The Sharq Taronalari (Melodies of the East) International Music Festival was first held in Samarkand in 1997. Since then, the festival has been held every two years, inviting performers and musical groups from all over the world. The aims of the music forum include preserving and developing the best examples of national musical art and presenting them to an international audience, educating young people in the spirit of national traditions and establishing international links between creative collectives and musicians from different countries.
The Sharq Taronalari Festival has been held in the following years:
2022 (the Sharq Taronalari Festival planned for 2021 has been postponed to 2022).
The festival is organised in cooperation with the Ministry of Culture and the Ministry of Sport of Uzbekistan, the National Television and Radio Company of Uzbekistan, the Uzbek Composers Association and the Hokimiyat of the Samarkand Region. The competition receives regular support from UNESCO, the United Nations Educational, Scientific and Cultural Organization.
The number of countries participating in the festival increases from year to year: while representatives from 31 countries took part in the first festival in 1997, there were already representatives from 50 countries in 2009.
The music festival takes place in Samarkand on Registan Square, the city’s main attraction. Surrounded on three sides by three magnificent madrassas – Ulugbek, Sherdor and Tillya Qari – the square is the setting for a colourful sound and light show that presents the history of Samarkand from ancient times to the present. The show traces the major milestones and eras of life in Samarkand: from the first records of human settlement in the region, the site of Afrosiab, through the Mongol invasion to Samarkand’s Golden Age under Amir Timur, known in the West as Tamerlane. During this period, Samarkand became the largest city on the Great Silk Road, where culture and crafts flourished and architects left behind magnificent examples of medieval architecture.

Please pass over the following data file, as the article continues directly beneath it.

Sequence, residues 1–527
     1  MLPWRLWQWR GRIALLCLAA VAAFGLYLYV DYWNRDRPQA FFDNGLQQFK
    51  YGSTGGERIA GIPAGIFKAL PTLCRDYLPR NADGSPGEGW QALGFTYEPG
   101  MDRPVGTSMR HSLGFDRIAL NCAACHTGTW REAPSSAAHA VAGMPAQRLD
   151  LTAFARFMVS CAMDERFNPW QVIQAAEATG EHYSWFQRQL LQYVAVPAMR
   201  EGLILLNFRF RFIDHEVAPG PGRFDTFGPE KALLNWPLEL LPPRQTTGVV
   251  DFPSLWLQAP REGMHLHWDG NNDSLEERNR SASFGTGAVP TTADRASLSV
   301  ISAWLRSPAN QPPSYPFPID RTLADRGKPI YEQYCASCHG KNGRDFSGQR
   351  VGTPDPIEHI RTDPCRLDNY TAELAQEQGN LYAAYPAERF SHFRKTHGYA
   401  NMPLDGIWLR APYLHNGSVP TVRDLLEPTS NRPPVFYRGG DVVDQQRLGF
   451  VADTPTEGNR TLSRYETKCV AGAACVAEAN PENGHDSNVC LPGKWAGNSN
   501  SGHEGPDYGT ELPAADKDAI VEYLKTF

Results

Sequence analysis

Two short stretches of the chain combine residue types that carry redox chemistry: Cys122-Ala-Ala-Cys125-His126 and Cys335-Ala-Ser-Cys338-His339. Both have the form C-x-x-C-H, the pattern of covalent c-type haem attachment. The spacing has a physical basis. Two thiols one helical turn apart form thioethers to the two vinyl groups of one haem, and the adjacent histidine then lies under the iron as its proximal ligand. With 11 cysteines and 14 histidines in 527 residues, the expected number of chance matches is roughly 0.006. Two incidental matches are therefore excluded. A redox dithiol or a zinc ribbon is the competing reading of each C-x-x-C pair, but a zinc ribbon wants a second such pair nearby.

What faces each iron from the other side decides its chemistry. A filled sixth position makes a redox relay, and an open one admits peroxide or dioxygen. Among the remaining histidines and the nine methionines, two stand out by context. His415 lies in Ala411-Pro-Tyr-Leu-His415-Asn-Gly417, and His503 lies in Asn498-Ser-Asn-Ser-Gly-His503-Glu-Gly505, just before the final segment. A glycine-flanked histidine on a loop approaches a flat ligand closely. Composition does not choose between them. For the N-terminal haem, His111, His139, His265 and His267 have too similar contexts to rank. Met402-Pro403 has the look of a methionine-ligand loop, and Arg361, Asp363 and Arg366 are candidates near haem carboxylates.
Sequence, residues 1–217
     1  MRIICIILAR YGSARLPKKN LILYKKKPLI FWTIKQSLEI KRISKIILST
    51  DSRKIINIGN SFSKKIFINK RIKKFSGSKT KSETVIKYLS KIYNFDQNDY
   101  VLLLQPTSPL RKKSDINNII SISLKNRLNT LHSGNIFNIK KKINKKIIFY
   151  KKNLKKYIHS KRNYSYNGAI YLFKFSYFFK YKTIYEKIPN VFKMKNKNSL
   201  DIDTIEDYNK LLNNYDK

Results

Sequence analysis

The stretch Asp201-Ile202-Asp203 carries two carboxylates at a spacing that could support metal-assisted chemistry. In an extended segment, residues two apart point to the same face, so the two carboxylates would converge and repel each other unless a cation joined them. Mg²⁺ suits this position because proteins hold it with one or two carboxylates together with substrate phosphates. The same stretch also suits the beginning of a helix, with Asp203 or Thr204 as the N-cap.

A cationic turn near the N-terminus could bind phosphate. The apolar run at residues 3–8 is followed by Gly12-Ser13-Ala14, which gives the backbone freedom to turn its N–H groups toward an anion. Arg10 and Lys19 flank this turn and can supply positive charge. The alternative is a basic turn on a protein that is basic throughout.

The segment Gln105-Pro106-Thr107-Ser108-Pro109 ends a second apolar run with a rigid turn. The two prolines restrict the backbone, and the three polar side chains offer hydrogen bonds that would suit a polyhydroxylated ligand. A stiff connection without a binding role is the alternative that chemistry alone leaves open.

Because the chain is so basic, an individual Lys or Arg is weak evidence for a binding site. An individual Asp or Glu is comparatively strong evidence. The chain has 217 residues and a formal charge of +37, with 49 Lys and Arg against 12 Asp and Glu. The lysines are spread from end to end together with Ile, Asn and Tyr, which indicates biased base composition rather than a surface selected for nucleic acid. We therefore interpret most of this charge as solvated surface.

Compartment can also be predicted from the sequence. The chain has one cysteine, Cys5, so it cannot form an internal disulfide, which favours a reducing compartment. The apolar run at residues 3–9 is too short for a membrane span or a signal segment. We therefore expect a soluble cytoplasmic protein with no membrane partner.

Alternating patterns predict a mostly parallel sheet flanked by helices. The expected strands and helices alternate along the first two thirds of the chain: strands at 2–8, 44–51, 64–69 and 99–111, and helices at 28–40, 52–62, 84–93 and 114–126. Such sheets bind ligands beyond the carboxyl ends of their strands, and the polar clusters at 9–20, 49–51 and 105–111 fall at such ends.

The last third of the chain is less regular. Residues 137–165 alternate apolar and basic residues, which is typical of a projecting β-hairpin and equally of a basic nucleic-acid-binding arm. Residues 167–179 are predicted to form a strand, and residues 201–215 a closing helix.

Samarkand is definitely a first-class city that everyone visiting Uzbekistan and Central Asia should visit – to be in the region and not visit Samarkand would be a regrettable and unforgivable mistake. Samarkand has a large number of historical monuments, including Registan Square, the Bibi Khanum Mosque, the Shah i Zinda Mausoleum Complex, the Ulugbek Observatory, the Haji Daniyar Mausoleum and finally the Gur Emir Mausoleum, where the mortal remains of Tamerlane rest. All these sites are as interesting for history buffs, lovers of medieval culture, architecture and handicrafts as they are for ordinary tourists who may remember the immersion in the atmosphere of the medieval East for a lifetime.
Over the years, various entertainment events have enriched the programme of this great musical spectacle, including exhibitions and fairs of local handicrafts such as costumes, musical instruments and household items. There are also art exhibitions, performances and concerts. The week-long festival concludes with a colourful gala concert and fireworks.
As the festival is traditionally held in late summer or early autumn, it coincides with the peak of the tourist season. This is the best time to visit the Central Asian region, when the hot summer temperatures return to normal, fruit and vegetables abound in the markets and tens of thousands of tourists flock from all over the world to combine a historical and cultural tour of Uzbekistan with a spectacular music show.